copyright © 2005 Rahsaan Clark Morris
In the liner notes to one of Miles Davis' later Spanish-themed albums, I think produced by the multi-faceted bassist Marcus Miller, the writer noted that Davis had "duende," which literally translated means "goblin" or "ghost," but in the context of his Spanish-themed work, meant that his music had a spirit-ness to it, a serene or rambunctious Spanish feel.
David Bloom, composer and educator (he has run the Bloom School of Jazz for 30 years) and his collaborator, Cliff Colnot, have put together an album of large ensemble numbers and small group sets under that same title. The similarity to Davis' work, especially to the collaborative piece, Sketches of Spain — the introspective album done with the wonderful arrangements of Gil Evans — does not extend as much to theme as it does to structure. There is generally a feeling of "cool" throughout these proceedings, which consist of nine tracks, the longest lasting about six minutes.
And even though the tracks don't segue into each other as they do on the Davis-Evans collaborations, there is a sort of chordal simpatico that gives the aural illusion of segueing. In other words the collection, recorded over a seven-year period at three different studios — CRC, the Hinge, and the defunct Streeterville, all Chicago's North Side — is remarkably coherent.
Remarkable also because of the constraints of the world of independent music-making. Fire and Form Records, the label that Bloom has owned for several years, but released precious little on over that time, is an example of the problems inherent in trying to do business on ones' own. Resources — read "money" — are usually limited, studio time gets more expensive every year, especially with the advent of digital recording, mixing, and mastering, and musicians and promises come and go, but if you stick to it and stay focused, as Bloom and Colnot have obviously done, the result is a disc with some utterly beautiful set pieces, composed and orchestrated with care and compassion.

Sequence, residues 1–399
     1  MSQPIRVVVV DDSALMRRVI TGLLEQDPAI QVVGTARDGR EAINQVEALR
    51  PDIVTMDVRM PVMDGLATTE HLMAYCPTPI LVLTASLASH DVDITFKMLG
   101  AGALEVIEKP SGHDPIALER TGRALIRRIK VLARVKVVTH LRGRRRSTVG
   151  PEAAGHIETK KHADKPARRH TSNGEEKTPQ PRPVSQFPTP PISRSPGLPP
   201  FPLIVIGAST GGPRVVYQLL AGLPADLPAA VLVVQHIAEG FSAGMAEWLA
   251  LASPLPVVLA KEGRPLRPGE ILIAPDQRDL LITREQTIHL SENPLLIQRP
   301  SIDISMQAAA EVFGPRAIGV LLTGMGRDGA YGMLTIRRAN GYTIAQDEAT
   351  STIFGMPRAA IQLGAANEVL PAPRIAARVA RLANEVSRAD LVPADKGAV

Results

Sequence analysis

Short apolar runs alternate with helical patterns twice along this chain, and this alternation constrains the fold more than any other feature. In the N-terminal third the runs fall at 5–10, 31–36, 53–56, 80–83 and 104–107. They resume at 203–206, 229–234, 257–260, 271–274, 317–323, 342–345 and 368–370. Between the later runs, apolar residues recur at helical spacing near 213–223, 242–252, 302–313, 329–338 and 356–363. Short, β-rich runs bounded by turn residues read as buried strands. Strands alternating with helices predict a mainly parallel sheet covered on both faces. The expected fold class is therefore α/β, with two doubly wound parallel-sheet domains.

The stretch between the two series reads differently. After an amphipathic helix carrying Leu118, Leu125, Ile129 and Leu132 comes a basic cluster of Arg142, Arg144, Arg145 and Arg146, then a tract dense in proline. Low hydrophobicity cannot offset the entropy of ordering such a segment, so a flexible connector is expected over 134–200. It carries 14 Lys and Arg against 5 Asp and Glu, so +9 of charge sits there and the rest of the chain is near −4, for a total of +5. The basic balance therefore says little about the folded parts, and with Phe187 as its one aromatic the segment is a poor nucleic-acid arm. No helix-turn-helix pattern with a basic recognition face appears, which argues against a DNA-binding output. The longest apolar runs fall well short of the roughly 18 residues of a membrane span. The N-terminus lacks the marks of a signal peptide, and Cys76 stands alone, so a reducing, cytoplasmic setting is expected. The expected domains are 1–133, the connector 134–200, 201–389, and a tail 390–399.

There are some standout performances from the local musicians assembled here. On "Duende," the title track, Rob Parton's flugelhorn introduces the cool swing theme, and Tom Garling's trombone solo propels the tune forward. "To The Source," a short latin romp, features some nice early bridge work from the ensemble of Parton on trumpet, Garling on trombone, and Linda Van Dyke on clarinet, followed by a hip trombone solo from Garling. The appropriately "South Light" is a breezy, quasi-samba piece replete with notable moments such as Rob Parton's short-but-sweet flugelhorn solo, another popping trombone solo from Garling, and little clarinet bursts throughout the chart. Jennifer Clippert's overdubbed flute, alto flute, and piccolo work during the later ensemble passages gives the tune that latin breeziness.
Rhythm section responsibilities are handled admirably by various groupings consisting of, on bass, Larry Kohut, Kelly Sill, and Ahmad Jamal sideman James Cammack. On piano for the set are Jim Trompeter, the aforementioned Ryan Cohan, Fred Nelson, and, on the majority of the tracks, John Campbell. Trap set duties are split between Dana Hall and Joel Spencer, first-call drummers to be sure. Rounding out the various tunes' ensembles are: Jim Gailloreto — tenor, alto, and soprano sax and flute; Scott Burns — tenor sax; Linda Van Dyke — bass clarinet and baritone sax; Paul Mertens — tenor and soprano sax; Nick Moran — bass clarinet; Mary Stolper — alto flute; Amy Mendillo — English horn; Joey Tartelle — trumpet; Tito Carillo — trumpet and Flugelhorn; Tim Coffman — trombone; Brian Culbertson — trombone; Katinka Kleijn — cello; Donald Simmons — percussion; and Ted Arkatz — congas/percussion toys.
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